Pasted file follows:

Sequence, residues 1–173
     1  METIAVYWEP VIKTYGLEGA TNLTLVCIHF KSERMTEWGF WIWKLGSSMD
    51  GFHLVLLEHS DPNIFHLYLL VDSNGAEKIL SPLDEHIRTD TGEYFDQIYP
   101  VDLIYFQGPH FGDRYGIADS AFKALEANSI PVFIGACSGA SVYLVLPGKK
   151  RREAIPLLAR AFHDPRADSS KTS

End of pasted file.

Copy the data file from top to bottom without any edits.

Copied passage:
Sequence, residues 1–173
     1  METIAVYWEP VIKTYGLEGA TNLTLVCIHF KSERMTEWGF WIWKLGSSMD
    51  GFHLVLLEHS DPNIFHLYLL VDSNGAEKIL SPLDEHIRTD TGEYFDQIYP
   101  VDLIYFQGPH FGDRYGIADS AFKALEANSI PVFIGACSGA SVYLVLPGKK
   151  RREAIPLLAR AFHDPRADSS KTS